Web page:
"WILLIAM IRVINE D’ARCY
2ND LIEUTENANT, 99 TH
REGIMENT (DUKE OD EDINBURGH’S).
Second Lieutenant William Irvine D’Arcy, who died in the Military Hospital at Durban on 23 September
1879, was the eldest son of William D’Arcy, Esquire, late Captain, 67th Regiment, of Castle Irvine, Fermanagh,Ireland, by his marriage with Louisa, daughter of John Cockburn, Esquire, Royal Horse Artillery. He was born on 24th April 1859, at Dover, and was educated at Mr. R.H. Hammond’s, at Ewell, near Dover. On 9th February
1877, he was appointed Sib-Lieutenant in the Fermanagh Light Infantry Militia, and in the first training acquitted himself so creditably as to cause him being recommended for a line commission. “He is a very zealous and intelligent officer,” wrote his Colonel, “and has conducted himself in a manner highly commendable.” He was gazetted to the 99th Regiment on 4 December 1878, and receiving orders to sail for the Cape, embarked, a month later, on board the “Nyanza” at Southampton. Arriving at Durban at the end of January 1879, he was at once sent to the front to join the portion of his regiment that was stationed on the Lower Thukela – the headquarters being at that time shut up in Eshowe. Lieutenant D’Arcy served for two months on the Natal frontier. On the formation of the Eshowe relieving column, he was attached with the five companies of the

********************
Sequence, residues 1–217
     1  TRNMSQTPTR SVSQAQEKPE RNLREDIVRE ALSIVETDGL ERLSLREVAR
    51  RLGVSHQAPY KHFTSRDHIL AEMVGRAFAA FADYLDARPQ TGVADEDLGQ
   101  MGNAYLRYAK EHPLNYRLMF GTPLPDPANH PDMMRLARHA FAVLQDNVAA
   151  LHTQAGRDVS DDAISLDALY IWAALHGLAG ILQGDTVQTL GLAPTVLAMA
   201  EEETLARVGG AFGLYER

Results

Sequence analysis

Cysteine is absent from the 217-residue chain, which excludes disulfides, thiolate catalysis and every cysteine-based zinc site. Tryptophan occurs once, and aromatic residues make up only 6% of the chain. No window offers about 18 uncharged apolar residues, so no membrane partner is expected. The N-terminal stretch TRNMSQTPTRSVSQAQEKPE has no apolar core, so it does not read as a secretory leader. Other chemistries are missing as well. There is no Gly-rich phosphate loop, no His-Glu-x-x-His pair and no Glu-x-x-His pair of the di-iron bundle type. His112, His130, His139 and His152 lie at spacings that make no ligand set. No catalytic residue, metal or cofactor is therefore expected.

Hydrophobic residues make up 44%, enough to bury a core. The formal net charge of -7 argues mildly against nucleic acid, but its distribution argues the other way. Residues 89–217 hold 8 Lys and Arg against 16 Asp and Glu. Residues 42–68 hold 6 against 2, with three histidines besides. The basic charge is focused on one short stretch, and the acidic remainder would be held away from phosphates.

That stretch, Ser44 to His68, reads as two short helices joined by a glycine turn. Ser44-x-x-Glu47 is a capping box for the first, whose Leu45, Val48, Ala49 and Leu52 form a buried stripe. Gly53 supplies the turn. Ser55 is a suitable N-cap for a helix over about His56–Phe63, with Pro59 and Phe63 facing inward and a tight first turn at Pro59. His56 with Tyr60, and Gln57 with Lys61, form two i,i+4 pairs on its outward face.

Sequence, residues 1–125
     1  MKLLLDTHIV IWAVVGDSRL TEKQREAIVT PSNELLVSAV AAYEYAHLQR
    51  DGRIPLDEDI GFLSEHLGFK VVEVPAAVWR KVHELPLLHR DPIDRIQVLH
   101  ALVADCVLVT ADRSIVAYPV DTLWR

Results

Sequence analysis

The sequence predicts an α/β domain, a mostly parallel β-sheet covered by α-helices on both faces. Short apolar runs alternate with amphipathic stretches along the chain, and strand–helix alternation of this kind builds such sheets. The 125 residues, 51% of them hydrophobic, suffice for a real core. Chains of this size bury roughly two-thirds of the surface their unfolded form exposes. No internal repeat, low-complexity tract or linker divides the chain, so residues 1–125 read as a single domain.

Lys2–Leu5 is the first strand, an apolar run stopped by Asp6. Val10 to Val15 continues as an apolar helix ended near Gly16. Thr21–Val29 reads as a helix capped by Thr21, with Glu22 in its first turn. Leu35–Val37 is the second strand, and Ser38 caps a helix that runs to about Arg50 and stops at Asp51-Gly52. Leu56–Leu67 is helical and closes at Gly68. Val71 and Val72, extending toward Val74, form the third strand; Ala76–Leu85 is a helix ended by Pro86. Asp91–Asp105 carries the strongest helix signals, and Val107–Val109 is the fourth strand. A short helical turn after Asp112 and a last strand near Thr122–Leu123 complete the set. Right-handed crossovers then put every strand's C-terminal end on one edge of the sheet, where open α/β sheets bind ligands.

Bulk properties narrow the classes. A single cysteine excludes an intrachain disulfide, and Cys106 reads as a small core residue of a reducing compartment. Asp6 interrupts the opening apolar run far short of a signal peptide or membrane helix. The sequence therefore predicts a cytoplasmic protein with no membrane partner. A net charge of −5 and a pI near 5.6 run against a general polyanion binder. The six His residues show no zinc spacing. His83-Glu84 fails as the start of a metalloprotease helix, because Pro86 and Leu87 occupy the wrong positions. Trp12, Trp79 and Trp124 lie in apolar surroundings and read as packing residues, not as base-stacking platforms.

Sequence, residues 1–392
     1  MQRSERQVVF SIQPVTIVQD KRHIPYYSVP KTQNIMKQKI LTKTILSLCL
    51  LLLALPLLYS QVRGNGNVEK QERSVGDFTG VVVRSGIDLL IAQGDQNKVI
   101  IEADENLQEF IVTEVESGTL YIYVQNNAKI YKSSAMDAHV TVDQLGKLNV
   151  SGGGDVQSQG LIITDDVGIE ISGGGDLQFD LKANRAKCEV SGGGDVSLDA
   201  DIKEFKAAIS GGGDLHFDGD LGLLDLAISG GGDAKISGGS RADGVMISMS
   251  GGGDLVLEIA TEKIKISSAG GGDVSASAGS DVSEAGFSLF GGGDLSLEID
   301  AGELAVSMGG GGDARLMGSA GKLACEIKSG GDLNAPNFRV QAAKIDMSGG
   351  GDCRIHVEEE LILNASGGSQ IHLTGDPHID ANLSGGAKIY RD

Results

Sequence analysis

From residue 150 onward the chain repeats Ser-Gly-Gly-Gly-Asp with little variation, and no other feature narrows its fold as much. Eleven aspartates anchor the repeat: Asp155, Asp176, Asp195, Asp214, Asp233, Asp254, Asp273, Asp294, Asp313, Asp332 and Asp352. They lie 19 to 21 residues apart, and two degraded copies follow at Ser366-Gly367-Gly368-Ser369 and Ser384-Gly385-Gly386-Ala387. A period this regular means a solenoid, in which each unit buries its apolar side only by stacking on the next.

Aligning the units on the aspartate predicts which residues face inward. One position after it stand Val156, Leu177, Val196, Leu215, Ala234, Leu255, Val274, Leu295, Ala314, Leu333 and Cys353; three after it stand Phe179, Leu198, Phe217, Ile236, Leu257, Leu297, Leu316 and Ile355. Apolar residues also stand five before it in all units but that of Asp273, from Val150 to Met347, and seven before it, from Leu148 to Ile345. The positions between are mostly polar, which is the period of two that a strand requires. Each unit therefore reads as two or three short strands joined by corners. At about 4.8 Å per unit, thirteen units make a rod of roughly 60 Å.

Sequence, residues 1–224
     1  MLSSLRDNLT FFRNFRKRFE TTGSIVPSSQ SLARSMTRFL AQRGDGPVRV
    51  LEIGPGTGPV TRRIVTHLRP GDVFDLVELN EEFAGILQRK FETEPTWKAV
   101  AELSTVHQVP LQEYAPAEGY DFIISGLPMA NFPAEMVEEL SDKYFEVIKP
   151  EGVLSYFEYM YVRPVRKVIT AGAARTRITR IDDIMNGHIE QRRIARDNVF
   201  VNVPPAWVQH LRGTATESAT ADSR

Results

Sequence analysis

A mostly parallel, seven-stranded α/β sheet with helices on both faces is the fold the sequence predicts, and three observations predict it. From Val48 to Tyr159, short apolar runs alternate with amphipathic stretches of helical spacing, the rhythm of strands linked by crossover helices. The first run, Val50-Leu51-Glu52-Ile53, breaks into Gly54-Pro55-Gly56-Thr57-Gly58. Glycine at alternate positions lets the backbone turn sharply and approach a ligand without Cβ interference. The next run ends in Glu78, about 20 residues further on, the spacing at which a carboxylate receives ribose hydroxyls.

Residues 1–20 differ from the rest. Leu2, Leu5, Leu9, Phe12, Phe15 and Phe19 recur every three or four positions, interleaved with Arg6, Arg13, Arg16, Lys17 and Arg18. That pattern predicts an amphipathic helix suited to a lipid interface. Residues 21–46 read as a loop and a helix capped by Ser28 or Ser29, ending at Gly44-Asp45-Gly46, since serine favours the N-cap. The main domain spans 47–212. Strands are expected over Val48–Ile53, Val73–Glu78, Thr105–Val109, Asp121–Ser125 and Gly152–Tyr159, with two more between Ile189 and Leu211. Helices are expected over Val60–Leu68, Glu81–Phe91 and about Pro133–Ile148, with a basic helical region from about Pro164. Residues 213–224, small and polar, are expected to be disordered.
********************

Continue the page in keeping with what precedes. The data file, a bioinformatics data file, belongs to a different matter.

99th to its 1st Brigade, and took part in its advance, in the last days of May into Zululand. He was present at the battle of Gingindlovu on 3 April (within four months of his being gazetted), and subsequently accompanied the regiment in its march back to the frontier. A few weeks afterwards his health became slightly impaired, apparently from the violent alternations of temperature to which he had been exposed in so short a period, and in the last week in June he went into hospital at Fort Pearson. There he contracted typhoid fever, from which, however, under skilful treatment and tender nursing, he recovered sufficiently to enable his being removed to Durban. His letters from that town, written to his family, were of the most cheerful description, telling of his hopes, amongst others, of returning home on six months’ leave. “I feel all right in my health, but cannot walk much,” he wrote in a letter dated 15 September and borne home in the very packet which brought tidings of his death. Four days after penning the above words, in
consequence of a sudden fall in the temperature, he contracted a slight cold, and within a week passed quietly away. Sprung from a branch of the old family of the D’Arcy Irvines, of Castle Irvine, Fermanagh, Lieutenant D’Arcy was not the first of his name who has rendered up his life in the service of his country. By his comrades
of the 99th– to whom, notwithstanding the shortness of his sojourn with them, he had greatly endeared himself –a monument to his memory has been erected over his grave in the military cemetery at Durban."